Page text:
By Katie Nugent
Special to GoHolyCross.com
It was in seventh grade that field hockey player Courtney Callahan realized soccer was not her calling. Her dad watched as his petite daughter lined up to compete with 150 other girls at soccer tryouts. In an effort to save her from getting cut from the team, he gave Callahan her first field hockey stick. Ten years later, he finds himself cheering on the senior and co-captain of the Holy Cross field hockey team.
“Soccer just wasn’t my thing,” said Callahan. And today she is absolutely thrilled with her dad’s advice and her decision to play field hockey. Since stumbling into the sport in the seventh grade, her parents, Jack and Mary Alice Callahan, have remained her biggest fans. Her dad has been to it all – the practices, tournaments and road trips throughout high school and all but maybe three of her college games in her four years on the Hill.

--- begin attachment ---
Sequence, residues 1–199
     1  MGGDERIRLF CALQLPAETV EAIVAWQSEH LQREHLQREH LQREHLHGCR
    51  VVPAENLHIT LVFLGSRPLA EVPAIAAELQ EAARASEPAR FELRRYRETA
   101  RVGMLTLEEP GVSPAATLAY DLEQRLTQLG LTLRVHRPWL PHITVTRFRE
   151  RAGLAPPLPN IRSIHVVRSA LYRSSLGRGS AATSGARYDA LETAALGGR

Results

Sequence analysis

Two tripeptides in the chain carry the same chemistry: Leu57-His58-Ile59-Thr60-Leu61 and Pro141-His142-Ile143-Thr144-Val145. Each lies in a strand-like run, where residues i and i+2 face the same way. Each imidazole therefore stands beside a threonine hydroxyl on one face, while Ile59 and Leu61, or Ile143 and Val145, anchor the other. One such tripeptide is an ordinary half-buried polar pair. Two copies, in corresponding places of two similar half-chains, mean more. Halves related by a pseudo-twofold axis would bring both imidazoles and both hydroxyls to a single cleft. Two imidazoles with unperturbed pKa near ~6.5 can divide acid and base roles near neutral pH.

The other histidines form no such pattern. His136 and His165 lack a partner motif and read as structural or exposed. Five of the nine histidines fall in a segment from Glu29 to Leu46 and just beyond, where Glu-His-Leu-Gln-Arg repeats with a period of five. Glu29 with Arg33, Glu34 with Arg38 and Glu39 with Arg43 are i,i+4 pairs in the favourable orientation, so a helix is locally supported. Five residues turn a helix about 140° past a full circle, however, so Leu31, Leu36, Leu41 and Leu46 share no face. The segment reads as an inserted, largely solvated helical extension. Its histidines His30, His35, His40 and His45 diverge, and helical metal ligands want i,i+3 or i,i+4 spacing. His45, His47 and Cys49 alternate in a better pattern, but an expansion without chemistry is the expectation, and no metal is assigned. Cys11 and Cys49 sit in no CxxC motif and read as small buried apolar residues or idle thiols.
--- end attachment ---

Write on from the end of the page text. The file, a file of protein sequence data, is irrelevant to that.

During high school, Callahan admired the older kids. Watching some of them go on to play at Division I schools inspired her to train hard in an effort to pursue a college field hockey career. Her best friend, Jenny Raftery, who plays field hockey at Boston College, has been an especially important role model for Callahan as she developed into the player she is today. Raftery was always very supportive, but also competitive. “The friendly competition has brought me up to the next level,” said Callahan.
In spite of her considerable talent, the thing that is most striking about Callahan is her unassuming nature. When she first sat down to talk about her career, she started, “I’m not sure why you want to talk to me. I’m really not that good. I just have a bunch of great teammates that make me look good.”